United States District Court, W.D. North Carolina, Charlotte Division
Kenneth D. Bell United States District Judge
MATTER is before the Court on Plaintiff Christopher
Allan Roddey's Motion for Summary Judgment (Doc. No. 9)
and Defendant's Motion for Summary Judgment (Doc. No.
11), as well as the parties' briefs and exhibits.
Plaintiff, through counsel, seeks judicial review of an
unfavorable administrative decision on his application for a
period of disability and disability insurance benefits.
reviewed and considered the written arguments, administrative
record, and applicable authority, and for the reasons set
forth below, Plaintiff's Motion for Summary Judgment is
DENIED; Defendant's Motion for Summary
Judgment is GRANTED; and the
Commissioner's decision is AFFIRMED.
filed a Title II application for a period of disability and
disability insurance benefits on April 26, 2016, alleging
disability beginning August 2, 2014, which he later amended
to claim that his disability onset date was August 18, 2015.
His claim was denied at the initial level on May 12, 2016 and
upon reconsideration on August 29, 2016. (Tr. 16). He had a
hearing before ALJ Randall D. Huggins (the “ALJ”)
who denied the application in a decision on August 22, 2017.
(Tr. 16-27). Roddey then filed for a review of the ALJ's
decision with the Appeals Council, which denied review on
February 2, 2018. (Tr. 1-6). The ALJ's decision stands as
the final decision of the Commissioner, and Roddey has now
requested judicial review in this Court pursuant to 42 U.S.C.
reasons stated below, the Court affirms the decision of the
THE COMMISSIONER'S DECISION
used the required five-step sequential evaluation process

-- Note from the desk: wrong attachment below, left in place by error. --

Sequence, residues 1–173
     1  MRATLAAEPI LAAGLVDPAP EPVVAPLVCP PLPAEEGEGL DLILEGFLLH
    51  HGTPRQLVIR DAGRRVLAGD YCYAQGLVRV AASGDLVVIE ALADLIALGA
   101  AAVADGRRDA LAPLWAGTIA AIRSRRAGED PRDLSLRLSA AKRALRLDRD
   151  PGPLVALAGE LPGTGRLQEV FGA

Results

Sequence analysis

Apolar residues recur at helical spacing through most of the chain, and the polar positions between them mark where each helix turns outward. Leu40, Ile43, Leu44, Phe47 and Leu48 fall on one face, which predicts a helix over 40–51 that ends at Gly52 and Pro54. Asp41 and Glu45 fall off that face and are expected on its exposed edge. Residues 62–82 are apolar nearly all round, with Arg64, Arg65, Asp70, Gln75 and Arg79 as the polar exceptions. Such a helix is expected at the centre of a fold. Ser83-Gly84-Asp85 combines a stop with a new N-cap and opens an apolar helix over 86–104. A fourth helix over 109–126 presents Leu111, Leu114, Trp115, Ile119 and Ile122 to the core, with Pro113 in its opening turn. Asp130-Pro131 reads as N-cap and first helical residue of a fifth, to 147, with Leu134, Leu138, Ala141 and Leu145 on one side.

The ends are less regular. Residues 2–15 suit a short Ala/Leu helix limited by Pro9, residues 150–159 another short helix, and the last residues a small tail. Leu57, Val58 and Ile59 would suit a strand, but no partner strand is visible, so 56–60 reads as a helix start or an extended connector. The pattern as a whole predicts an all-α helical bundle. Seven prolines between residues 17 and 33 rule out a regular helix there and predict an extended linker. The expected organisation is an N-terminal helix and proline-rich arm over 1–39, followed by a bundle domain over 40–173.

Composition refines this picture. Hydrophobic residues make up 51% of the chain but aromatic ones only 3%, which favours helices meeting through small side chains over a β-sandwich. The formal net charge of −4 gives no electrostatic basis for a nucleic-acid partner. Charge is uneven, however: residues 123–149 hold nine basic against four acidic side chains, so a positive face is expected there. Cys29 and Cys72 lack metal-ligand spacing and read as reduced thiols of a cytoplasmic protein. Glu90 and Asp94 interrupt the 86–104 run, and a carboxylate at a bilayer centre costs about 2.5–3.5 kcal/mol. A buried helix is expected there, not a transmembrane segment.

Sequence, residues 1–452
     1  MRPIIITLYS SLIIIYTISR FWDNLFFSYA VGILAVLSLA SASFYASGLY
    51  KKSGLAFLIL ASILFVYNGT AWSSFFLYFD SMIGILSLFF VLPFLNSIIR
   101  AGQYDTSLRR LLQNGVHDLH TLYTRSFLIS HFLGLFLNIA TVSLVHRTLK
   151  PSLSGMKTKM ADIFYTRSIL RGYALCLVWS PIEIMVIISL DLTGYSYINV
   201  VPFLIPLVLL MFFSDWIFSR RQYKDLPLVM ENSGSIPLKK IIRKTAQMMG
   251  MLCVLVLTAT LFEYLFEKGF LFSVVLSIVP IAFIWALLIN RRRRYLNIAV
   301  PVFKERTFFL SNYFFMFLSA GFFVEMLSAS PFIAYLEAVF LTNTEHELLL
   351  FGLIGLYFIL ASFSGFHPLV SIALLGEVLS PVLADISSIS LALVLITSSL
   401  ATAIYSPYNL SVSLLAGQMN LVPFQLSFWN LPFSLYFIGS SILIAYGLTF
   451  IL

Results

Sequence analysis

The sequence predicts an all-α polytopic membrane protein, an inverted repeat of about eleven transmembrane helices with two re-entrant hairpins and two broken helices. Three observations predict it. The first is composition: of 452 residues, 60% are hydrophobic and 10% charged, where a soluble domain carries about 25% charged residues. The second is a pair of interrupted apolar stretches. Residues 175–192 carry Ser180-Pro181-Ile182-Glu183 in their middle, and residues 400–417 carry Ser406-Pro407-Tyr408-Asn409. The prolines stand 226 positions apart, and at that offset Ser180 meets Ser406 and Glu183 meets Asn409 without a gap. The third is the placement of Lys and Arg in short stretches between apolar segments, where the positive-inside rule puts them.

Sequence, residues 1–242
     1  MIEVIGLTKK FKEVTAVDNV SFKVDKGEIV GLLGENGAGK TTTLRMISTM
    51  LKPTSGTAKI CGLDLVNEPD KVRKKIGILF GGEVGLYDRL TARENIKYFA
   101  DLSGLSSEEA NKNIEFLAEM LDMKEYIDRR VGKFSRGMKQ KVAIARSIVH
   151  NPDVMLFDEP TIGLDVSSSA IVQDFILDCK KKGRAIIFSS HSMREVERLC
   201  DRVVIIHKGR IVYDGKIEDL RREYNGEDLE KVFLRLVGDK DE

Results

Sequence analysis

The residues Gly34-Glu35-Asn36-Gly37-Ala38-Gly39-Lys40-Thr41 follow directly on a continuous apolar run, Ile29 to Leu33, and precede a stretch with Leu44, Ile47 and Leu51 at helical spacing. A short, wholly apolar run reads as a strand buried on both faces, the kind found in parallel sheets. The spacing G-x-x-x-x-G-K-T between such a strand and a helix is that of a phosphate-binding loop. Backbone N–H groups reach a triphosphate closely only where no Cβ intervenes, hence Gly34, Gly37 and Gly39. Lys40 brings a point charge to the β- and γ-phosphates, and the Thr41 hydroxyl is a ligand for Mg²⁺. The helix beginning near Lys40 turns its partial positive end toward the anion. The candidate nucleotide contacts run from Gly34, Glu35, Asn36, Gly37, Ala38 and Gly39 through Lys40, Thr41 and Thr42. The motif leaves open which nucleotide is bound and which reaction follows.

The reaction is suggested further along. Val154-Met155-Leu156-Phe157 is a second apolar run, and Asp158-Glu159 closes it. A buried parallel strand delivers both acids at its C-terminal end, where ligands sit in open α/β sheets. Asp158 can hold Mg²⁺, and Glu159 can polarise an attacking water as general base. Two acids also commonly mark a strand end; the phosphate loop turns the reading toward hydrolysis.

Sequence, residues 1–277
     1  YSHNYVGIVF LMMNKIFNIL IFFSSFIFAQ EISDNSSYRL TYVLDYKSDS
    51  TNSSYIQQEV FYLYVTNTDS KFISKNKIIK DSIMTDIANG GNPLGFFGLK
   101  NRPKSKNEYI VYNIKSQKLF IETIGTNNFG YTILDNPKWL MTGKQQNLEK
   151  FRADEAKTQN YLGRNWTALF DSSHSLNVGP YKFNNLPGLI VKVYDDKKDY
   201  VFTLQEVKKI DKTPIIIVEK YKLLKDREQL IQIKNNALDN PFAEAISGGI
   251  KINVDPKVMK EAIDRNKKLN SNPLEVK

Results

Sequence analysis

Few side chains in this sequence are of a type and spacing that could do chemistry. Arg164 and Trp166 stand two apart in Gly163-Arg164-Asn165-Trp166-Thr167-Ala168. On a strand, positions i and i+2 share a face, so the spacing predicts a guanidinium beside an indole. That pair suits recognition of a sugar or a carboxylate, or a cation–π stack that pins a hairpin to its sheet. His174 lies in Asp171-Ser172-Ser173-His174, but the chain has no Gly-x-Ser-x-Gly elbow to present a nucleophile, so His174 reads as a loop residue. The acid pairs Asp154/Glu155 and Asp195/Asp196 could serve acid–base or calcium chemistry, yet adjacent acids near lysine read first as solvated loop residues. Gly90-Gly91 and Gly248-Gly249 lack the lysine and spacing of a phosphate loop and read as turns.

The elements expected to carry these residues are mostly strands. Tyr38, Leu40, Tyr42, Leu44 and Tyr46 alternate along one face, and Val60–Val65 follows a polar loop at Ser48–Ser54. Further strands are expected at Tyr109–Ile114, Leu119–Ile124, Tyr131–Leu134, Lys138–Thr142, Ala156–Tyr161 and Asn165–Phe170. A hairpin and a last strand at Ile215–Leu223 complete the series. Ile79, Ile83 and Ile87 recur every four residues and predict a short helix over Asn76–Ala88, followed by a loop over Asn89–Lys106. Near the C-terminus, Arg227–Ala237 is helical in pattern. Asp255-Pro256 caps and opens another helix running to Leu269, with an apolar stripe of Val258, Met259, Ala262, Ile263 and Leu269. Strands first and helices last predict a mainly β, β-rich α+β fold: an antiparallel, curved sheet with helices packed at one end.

established by the Social Security Administration to
determine if Roddey had a “disability” under the
law during the relevant period. The Fourth Circuit has described
the five-steps as follows:
[The ALJ] asks whether the claimant: (1) worked during the
purported period of disability; (2) has an impairment that is
appropriately severe and meets the duration requirement; (3)
has an impairment that meets or equals the requirements of a
listed impairment and meets the duration requirement; (4) can
return to her past relevant work; and (5) if not, can perform
any other work in the national economy.
Radford v. Colvin, 734 F.3d 288, 290-91
(4th Cir. 2013) (paraphrasing 20 C.F.R.
§§ 404.1520(a)(4), 416.920(a)(4). The claimant has
the burden of production and proof in the first four steps.
Pearson v. Colvin, 810 F.3d 204, 207 (4th
Cir. 2015). However, at the fifth step, the Commissioner must
prove that the claimant is able to perform other work in the
national economy despite her limitations. See id.;
see also 20 C.F.R. § 416.960(c)(2) (explaining
that the Commissioner has the burden to prove at the fifth
step “that other work exists in significant numbers in
the national economy that [the claimant] can do”).
found at step one of the sequential evaluation that Plaintiff
had not engaged in SGA during the period from his amended
alleged onset date of August 18, 2015 through the date of his
decision. (Tr. 16). At step two, the ALJ determined
that Plaintiff had severe, medically determinable
impairments, specifically, “obesity; sleep apnea;
status post left femur fracture and open reduction internal
fixation; bilateral knee impairments; mild bilateral
degenerative joint disease of the hips; tinnitus; headaches;
mild neurocognitive disorder due to traumatic brain injury
and depression.” (Tr.18).
then found at step three that Plaintiff did not have any